WVC president Jim Richardson announces retirement
Jan. 19, 2022
Media Contact: Libby Siebens, community relations executive director, 509-682-6436 (Mon.-Thurs.)
Wenatchee Valley College president Dr. Jim Richardson announced his retirement at today’s Board of Trustees meeting. He will retire on June 30, 2022.
Richardson became president of Wenatchee Valley College in July 2005. He has worked in higher education since 1976. He is WVC's longest serving president.
“Over the past 17 years I have had the privilege of working side by side with some of the most talented and committed administrators, faculty, and staff I've ever known,” he said in his statement to the board. “Today, we should celebrate that Wenatchee Valley College has come of age as a fully mature, modern, community college offering degrees that students and industries in our district need and want. …Together we've worked to make WVC the foundation on which our students and our community can translate dreams into reality.”
During his time at WVC, Richardson oversaw the development of new academic programs, grant programs and the construction of multiple new buildings.
WVC offered its first four-year degrees in 2017 with the Bachelor of Applied Science in Nursing (BSN) and the Bachelor of Applied Science in Engineering Technology (BAS-ET). In 2019, a Bachelor of Applied Science in Teaching (BAS-T) was added. Two-year degrees and certificates were also added during Richardson’s presidency in areas including pharmacy technician, engineering technology, drafting, machining and criminal justice.
Under his presidency, WVC obtained its first College Assistance Migrant Program (CAMP), TRIO Student Support Services (TRIO SSS) and Math Engineering Science Achievement (MESA) grants, which helped to connect the college to the broader community and supported low-income students and students of color. The introduction of these grant programs in combination with a renewed focus on diversity earned the college the designation of a federal Hispanic Serving Institution (HSI) after enrollment of students of color increased from 22% in 2005 to more than 58% in 2021.
Service to students and a focus on equity was also highlighted in the 2019 accreditation report to the Northwest Commission on Colleges and Universities (NWCCU). The commission visited WVC and commended it for supporting all students including the unique needs of non-traditional, first-generation and underrepresented students. They also said WVC creates a diverse, welcoming and inclusive environment for students, faculty and staff of all backgrounds and is responsive to a spectrum of workforce, social, demographic, economic and environmental needs.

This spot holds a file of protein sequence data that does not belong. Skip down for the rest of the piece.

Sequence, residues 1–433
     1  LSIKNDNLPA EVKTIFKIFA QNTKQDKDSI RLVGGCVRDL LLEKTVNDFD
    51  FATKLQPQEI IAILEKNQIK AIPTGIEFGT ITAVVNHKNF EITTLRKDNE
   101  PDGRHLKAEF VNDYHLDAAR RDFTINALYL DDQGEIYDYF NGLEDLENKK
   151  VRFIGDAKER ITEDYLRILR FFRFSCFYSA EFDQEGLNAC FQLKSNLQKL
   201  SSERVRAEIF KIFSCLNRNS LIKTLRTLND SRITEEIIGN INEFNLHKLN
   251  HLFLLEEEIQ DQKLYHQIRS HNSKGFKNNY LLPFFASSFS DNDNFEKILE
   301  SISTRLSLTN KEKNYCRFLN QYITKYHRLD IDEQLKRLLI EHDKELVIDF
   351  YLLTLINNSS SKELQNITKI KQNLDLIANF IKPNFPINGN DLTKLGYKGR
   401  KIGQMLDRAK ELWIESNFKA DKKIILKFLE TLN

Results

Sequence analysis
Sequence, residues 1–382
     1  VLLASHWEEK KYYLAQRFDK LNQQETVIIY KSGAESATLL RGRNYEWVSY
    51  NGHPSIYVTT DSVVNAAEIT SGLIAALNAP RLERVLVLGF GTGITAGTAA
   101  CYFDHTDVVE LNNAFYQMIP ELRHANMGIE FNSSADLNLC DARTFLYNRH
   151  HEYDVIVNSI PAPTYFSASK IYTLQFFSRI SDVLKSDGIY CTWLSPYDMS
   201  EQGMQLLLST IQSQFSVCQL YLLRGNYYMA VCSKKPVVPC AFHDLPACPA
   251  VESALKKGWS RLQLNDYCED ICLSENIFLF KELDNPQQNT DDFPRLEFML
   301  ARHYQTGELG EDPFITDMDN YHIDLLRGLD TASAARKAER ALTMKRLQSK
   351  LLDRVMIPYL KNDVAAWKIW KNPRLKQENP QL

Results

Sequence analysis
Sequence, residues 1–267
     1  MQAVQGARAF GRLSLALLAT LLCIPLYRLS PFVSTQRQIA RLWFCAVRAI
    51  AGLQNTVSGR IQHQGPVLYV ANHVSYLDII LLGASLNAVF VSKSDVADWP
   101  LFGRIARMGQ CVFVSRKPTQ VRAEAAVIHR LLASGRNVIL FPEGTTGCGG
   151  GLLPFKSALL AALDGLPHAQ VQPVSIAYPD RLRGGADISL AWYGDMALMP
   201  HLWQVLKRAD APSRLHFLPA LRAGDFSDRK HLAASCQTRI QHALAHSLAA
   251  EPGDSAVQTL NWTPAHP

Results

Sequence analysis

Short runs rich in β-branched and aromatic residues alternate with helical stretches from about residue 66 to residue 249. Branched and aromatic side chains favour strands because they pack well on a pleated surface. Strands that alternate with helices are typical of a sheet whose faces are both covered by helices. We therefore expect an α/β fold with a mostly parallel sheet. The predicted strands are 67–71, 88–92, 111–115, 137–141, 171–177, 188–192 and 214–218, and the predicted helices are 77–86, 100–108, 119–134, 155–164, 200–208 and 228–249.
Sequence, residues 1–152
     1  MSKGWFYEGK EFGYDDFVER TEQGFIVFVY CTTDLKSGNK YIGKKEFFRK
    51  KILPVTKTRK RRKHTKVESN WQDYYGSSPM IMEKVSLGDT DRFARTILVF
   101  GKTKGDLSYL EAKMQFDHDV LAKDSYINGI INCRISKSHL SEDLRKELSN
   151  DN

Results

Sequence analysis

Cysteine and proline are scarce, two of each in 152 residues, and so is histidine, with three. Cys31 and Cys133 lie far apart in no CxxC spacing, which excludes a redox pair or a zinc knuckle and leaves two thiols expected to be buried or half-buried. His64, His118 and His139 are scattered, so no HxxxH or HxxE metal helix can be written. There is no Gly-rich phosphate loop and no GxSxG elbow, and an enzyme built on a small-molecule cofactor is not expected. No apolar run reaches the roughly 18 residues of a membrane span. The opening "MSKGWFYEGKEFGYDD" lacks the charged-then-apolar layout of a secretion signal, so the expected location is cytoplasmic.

In 2007, Wenatchi Hall was built, followed by the Music and Art Center in 2012, Hazel Allen Burnett Hall (Omak) in 2015, the Student Recreation Center in 2017, and most recently, Mish ee twie in 2021. The college went from having one of the most outdated community college classroom facilities in the state, to modernized campuses for students in all fields.
Additionally, he has helped steer the college through annual legislative sessions, a budget crisis and, most recently, a global pandemic. WVC fully transitioned instruction and student services to remote operations in a matter of three weeks in 2020. Through virtual instruction and support services, students were able to register for classes, access financial aid, get academic support, books, laptops, Wi-Fi access and food from the campus pantries.
“On behalf of the board, we want to congratulate and thank you for your work, your love and your commitment to WVC, its staff and its students,” said Tamra Jackson, board president.
Richardson has 45 years of experience in higher education. He came to WVC from West Burlington, Iowa, where he was president of Southeastern Community College. He has been an instructor, provost, dean and president at colleges across the country, as well as in China and Korea.
He has also served with the Washington Association of Community and Technical Colleges and the American Association of Community Colleges (AACC), as well as a number of local boards, including North Central Washington Workforce Development Board, Wenatchee Valley Chamber of Commerce, Wenatchee Sunrise Rotary and Numerica Performing Arts Center.
Richardson said he and his wife Kim will likely be returning to his home state of Wisconsin to be closer to family.
“Kim and I want to thank the Board of Trustees and the entire WVC community for the opportunity to be a part of this important work,” he said.
You can view his full bio on the WVC website.
A special board meeting will be scheduled on January 25 to discuss next steps.